By Pam Jenoff
Release Date: February 21, 2017
Reviewed by PJ
A powerful novel of friendship set in a traveling circus during World War II, The Orphan's Tale introduces two extraordinary women and their harrowing stories of sacrifice and survival
Sixteen-year-old Noa has been cast out in disgrace after becoming pregnant by a Nazi soldier and being forced to give up her baby. She lives above a small rail station, which she cleans in order to earn her keep… When Noa discovers a boxcar containing dozens of Jewish infants bound for a concentration camp, she is reminded of the child that was taken from her. And in a moment that will change the course of her life, she snatches one of the babies and flees into the snowy night.
Noa finds refuge with a German circus, but she must learn the flying trapeze act so she can blend in undetected, spurning the resentment of the lead aerialist, Astrid. At first rivals, Noa and Astrid soon forge a powerful bond. But as the facade that protects them proves increasingly tenuous, Noa and Astrid must decide whether their friendship is enough to save one another—or if the secrets that burn between them will destroy everything.
Jenoff is a gifted writer, her evocative prose and impeccable research melding to immerse readers in each new world of her creation. In The Orphan's Tale, she not only brings to life the precarious daily existence of ordinary citizens in Germany and occupied France but, especially, those attached to the Neuhoff Circus. I had no idea that circuses still performed during the war or that some of them bravely hid Jews among their company. (be sure to read the Author's Notes and Q&A at the end of the book)
As a child, circus people seemed magical, almost otherworldly to me. I wasn't able to relate to the life they led. Jenoff pulls that mystical curtain aside and shows us the person behind the greasepaint. Each complex character is meticulously crafted, an essential cog in both the circus as well as the overall story. I could feel the hopes, dreams, fears, jealousy, kindness, and grief that form the layers that make them whole and opened my heart to their pain, their sorrow, their ambition, their joy. But while there are many fascinating characters in this story, it's heart revolves around Astrid, a 40-year-old Jewish woman divorced by her beloved husband on orders from his Nazi superiors, and Noa, a Dutch teen forced to grow up too soon. Their journey from reluctant teacher/student, to professional adversaries, to mutual protectors, to sisters by choice is rich with emotion, compelling suspense, heartbreak, betrayal, and sacrifice that is heart-wrenching but also life-affirming. The reader is reminded that even in the face of devastation and death, the human spirit is strong and resilient and will, eventually, triumph.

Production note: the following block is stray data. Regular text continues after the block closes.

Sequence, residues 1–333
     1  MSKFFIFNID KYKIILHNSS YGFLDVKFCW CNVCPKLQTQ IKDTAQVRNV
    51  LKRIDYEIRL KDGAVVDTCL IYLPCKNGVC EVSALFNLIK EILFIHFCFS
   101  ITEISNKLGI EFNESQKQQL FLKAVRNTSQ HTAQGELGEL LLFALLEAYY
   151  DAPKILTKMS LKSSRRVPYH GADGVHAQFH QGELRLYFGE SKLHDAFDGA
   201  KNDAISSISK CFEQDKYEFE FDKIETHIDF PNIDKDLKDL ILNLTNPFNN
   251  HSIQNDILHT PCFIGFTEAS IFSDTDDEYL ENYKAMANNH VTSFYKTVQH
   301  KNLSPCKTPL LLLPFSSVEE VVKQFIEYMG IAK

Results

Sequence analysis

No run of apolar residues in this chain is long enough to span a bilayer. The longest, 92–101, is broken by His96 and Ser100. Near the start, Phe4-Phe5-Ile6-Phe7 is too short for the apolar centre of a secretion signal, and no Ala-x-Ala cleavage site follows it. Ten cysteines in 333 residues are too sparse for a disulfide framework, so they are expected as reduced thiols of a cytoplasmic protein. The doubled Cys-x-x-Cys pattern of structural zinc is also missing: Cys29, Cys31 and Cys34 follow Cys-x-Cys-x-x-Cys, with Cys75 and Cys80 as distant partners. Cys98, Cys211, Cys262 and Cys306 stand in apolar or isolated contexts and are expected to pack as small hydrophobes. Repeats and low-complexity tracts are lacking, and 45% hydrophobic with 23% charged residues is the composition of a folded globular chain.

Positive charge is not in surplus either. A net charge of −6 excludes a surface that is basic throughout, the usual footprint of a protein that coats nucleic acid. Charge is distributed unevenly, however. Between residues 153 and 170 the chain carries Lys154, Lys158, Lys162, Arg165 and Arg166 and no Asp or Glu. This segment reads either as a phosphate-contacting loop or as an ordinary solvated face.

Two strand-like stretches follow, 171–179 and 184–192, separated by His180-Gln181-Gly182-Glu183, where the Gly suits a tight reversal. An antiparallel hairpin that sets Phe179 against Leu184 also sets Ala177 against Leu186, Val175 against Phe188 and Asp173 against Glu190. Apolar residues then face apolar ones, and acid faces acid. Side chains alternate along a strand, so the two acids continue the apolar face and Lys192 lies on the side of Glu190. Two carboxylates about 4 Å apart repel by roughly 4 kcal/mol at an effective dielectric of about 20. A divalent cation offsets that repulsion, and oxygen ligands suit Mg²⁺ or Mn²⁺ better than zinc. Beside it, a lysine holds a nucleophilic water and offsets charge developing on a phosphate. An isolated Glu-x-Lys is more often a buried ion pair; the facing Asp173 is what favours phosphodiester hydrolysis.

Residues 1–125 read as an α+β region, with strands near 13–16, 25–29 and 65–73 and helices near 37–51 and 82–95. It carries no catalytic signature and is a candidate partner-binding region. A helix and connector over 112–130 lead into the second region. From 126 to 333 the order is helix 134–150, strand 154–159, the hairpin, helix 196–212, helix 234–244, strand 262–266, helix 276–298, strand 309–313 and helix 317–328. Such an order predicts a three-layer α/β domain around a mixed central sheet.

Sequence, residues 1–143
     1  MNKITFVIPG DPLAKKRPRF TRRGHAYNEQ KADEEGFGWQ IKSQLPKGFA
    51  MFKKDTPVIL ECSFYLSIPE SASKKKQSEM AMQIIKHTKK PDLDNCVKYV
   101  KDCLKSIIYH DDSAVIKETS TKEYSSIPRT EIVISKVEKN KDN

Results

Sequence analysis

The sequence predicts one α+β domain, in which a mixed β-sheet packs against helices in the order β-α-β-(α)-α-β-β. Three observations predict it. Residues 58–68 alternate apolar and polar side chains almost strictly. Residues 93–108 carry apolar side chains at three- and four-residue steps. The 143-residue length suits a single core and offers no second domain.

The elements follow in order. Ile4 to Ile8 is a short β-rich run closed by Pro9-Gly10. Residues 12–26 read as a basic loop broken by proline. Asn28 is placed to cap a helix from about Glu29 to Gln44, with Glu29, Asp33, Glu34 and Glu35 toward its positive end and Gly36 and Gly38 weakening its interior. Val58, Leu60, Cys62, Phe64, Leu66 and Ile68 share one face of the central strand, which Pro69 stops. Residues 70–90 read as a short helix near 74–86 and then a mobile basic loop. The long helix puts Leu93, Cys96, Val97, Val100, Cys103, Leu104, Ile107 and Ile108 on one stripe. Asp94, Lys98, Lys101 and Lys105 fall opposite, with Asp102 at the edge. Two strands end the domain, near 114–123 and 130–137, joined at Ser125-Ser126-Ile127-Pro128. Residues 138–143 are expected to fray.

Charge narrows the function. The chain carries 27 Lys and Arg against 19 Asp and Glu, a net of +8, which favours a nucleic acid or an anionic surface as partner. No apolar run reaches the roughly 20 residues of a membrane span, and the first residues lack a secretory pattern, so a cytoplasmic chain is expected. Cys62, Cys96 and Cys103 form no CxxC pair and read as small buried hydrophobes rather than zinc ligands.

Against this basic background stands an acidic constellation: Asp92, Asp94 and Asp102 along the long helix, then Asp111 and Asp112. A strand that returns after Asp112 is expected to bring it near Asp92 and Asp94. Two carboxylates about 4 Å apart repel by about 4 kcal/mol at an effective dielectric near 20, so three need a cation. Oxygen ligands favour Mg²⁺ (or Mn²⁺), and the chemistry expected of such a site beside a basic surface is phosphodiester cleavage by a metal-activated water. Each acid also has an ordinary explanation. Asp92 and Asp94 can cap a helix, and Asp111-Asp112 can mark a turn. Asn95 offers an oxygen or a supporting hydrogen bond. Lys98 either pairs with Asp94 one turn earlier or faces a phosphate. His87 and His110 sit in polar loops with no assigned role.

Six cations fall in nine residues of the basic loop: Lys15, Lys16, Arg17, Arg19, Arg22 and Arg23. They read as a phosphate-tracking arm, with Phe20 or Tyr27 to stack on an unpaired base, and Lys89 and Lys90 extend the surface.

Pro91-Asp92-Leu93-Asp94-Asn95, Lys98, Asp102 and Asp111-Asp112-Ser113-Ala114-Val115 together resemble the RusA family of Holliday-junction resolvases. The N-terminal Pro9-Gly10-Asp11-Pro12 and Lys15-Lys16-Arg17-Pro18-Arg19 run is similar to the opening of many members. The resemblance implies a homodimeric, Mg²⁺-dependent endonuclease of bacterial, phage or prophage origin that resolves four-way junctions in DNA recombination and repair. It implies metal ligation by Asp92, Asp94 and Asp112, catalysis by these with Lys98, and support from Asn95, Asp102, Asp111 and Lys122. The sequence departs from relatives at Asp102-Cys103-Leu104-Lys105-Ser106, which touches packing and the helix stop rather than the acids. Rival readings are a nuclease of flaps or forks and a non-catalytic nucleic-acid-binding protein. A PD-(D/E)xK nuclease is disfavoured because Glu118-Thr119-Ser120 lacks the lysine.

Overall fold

I was captivated by this story from beginning to end. In fact, I was so absorbed that I read the entire book in one day. Jenoff keeps readers on their toes with the numerous twists and turns throughout Astrid's and Noa's journey as well as the emotional peaks and valleys that had me reaching for tissues more than once.
The Orphan's Tale is historical fiction at its finest. I highly recommend it.
After moving to the State Department, Pam was assigned to the U.S. Consulate in Krakow, Poland where she developed her expertise in Polish-Jewish relations and the Holocaust and developed close relations with the surviving Jewish community.
Pam left the Foreign Service in 1998 to attend law school and graduated from the University of Pennsylvania. She worked for several years as a labor and employment attorney both at a firm and in-house in Philadelphia and now teaches law school at Rutgers.